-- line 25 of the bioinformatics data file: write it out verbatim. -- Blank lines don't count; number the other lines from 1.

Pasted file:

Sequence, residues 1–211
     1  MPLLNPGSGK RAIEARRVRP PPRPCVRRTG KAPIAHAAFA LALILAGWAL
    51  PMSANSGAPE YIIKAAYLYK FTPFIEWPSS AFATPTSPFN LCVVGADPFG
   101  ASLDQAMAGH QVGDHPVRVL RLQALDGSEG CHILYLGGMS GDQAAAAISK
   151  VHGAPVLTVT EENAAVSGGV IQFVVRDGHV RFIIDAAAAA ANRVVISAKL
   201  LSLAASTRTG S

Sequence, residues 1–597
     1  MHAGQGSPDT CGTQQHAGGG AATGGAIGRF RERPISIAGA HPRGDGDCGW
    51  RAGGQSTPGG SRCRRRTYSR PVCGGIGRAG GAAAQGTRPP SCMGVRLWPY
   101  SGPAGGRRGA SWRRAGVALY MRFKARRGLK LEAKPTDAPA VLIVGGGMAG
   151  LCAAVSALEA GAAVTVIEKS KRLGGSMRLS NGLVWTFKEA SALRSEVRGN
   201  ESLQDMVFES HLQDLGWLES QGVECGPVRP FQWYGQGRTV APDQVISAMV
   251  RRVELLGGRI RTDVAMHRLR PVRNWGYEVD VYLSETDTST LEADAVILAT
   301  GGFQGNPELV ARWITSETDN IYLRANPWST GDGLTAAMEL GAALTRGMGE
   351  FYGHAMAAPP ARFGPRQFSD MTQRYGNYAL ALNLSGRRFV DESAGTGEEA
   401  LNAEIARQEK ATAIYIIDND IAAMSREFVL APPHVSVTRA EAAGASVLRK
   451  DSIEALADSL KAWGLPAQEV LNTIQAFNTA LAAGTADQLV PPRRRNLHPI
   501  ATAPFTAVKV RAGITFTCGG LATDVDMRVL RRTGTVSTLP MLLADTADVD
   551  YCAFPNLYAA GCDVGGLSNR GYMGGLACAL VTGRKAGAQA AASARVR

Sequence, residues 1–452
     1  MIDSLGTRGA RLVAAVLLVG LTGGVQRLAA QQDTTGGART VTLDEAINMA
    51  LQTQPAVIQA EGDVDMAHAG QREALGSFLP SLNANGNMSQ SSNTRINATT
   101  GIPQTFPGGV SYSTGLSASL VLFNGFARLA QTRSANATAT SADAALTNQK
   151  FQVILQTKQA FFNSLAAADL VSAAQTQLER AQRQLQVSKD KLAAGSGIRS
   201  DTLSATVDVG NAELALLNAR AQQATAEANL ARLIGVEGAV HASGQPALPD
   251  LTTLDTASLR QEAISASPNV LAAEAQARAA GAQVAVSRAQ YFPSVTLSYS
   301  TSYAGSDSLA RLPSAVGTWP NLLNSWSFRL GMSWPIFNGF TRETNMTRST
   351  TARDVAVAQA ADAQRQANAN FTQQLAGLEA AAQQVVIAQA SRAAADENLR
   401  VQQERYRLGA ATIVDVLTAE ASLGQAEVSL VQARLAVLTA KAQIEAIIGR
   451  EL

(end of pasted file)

   201  DTLSATVDVG NAELALLNAR AQQATAEANL ARLIGVEGAV HASGQPALPD